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A chemistry reference book that I have been reading gives the order of inductive effect ($-I$) as follows:

inductive effect ordering as per the reference book

While the Wikipedia page on inductive effect gives the following order:

$\ce{-NH3+} > \ce{-NO2} > \ce{-SO2R} > \ce{-CN} > \ce{-SO3H} > \ce{-CHO} > \ce{-CO} > \ce{-COOH} > \ce{-COCl}> \ce{-CONH2} > \ce{-F} > \ce{-Cl} > \ce{-Br} > \ce{-I} > \ce{-OR} > \ce{-OH} > \ce{-NH2} > \ce{-C6H5} >\ce{-CH=CH2} >\ce{-H}$

The reference book has $\ce{COOH}$ ahead of $\ce{CHO}$ but Wikipedia has it the other way around. Which source is correct?

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    $\begingroup$ And where will ester ( O-CO-CH3 ) lie in this order? $\endgroup$ Aug 24, 2020 at 4:09
  • $\begingroup$ I also find it strange that the acyl chloride COCl is considered less electron-withdrawing than aldehydes (CHO) and ketones (CO) in the Wikipedia list. $\endgroup$ Nov 24, 2021 at 13:44

4 Answers 4

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I believe the Wiki page is more accurate, because the Hammett Equation substituent constants (para) indicate -CHO should be more "electron withdrawing" than -COOH, but there is little reason to use such lists as "absolute" - I think they are simply good guidelines for reactivity.

I looked at the data in this link: https://www.bluffton.edu/homepages/facstaff/bergerd/classes/CEM311/handouts/sigmas.pdf

However, substituent constants are not absolute proof of "inductive effect" and it is difficult to conclude from such data that a particular substituent is more "inductively" electron withdrawing than another. To do that, we would need a model (or a set of compounds, equivalently) where we can achieve separability of sigma and pi electrons.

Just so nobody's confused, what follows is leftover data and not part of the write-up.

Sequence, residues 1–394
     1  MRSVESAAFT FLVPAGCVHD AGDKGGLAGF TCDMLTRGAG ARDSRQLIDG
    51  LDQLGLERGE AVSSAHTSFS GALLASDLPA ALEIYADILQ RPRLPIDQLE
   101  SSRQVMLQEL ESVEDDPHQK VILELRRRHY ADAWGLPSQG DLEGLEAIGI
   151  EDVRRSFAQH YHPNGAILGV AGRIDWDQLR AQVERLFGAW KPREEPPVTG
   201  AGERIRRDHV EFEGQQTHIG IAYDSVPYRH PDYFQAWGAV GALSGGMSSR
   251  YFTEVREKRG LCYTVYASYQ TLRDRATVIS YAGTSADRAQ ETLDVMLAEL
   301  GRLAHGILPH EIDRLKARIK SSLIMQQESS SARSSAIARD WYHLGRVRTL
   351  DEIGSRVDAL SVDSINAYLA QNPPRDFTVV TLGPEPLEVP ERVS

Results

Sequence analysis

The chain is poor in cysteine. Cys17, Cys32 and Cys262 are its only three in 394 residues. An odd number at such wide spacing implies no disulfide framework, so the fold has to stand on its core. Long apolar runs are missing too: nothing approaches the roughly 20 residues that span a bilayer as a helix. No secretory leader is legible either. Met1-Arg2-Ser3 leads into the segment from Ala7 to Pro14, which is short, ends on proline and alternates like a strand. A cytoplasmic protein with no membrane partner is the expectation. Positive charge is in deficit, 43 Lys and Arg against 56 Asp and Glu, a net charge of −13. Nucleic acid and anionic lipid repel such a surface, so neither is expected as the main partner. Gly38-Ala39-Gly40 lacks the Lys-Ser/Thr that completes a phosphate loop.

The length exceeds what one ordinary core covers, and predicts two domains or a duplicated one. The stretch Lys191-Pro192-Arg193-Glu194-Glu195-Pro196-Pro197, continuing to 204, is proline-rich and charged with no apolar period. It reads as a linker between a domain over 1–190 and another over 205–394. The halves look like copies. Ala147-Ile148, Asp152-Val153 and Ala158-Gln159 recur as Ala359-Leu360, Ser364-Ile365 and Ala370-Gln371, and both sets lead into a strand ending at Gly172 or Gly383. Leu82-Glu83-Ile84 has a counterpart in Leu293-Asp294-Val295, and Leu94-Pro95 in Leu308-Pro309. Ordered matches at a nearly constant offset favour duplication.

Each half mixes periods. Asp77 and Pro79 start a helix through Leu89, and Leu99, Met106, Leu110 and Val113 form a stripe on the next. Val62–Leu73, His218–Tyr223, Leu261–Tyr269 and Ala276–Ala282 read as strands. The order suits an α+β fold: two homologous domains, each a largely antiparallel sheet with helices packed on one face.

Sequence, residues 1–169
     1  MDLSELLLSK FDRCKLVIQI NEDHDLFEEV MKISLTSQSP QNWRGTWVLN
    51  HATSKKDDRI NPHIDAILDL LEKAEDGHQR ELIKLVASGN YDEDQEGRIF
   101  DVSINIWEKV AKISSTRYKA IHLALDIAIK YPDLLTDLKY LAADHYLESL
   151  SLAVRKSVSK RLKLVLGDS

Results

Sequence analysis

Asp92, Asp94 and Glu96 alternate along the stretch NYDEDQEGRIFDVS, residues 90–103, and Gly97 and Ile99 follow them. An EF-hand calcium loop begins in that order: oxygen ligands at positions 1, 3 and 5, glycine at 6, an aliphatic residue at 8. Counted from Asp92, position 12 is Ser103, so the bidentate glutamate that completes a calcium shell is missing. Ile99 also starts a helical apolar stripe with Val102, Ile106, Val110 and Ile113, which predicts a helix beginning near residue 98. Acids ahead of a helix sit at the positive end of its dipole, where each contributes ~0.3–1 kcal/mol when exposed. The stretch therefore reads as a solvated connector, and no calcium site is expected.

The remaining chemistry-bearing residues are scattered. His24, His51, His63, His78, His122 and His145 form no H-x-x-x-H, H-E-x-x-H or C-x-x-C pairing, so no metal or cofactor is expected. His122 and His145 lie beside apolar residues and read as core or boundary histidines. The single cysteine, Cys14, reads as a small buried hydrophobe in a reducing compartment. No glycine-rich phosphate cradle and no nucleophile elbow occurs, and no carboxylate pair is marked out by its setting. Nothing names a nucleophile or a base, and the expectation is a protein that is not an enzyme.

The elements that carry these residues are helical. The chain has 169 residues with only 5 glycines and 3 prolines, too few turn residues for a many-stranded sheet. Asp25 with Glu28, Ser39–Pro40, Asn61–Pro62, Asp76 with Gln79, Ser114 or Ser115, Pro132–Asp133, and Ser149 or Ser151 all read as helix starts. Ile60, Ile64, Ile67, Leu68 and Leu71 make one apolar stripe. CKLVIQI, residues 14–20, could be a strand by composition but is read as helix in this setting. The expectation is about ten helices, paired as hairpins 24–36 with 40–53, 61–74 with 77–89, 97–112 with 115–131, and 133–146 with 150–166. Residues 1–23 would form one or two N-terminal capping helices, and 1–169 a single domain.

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$\ce{COOH}$ will show more -i effect than $\ce{CHO}$ because $\ce{COOH}$ hybridisation considering free radical as a sigma bond will be $\ce{sp^2}$ and both oxygen will also attract electron in angle 120° so that re will be more positive than aldehyde therefore it will attract electron more and show more -i effect.

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CHO group will have more -I effect than COOH because OH group in COOH group will decrease the charge on the carbonyl C which reduces it's withdrawing effect.

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  • $\begingroup$ Shouldn't decreasing the charge on C increase the electron-withdrawing effect (on nearby substituents)? $\endgroup$ Nov 24, 2021 at 13:42
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Note that electron density is enhanced at the carbonyl carbon in carboxylic acid by resonance effect ( lone pair on oxygen is in conjugation with pi bond on C-O bond ) . Hence, the R effect increases electron density at carbon in carboxylic acid while there is no R effect in aldehyde .

And , we know that ;

The more electron rich is carbon , the less electronegative it is and the less electronegative it is, the less negative inductive effect it shows .

Hence , aldehyde group would show more I effect than carboxylic acid.

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  • $\begingroup$ Can anyone do a constructive criticism that what is wrong in my answer ? $\endgroup$
    – Get_ Maths
    Apr 13 at 15:15

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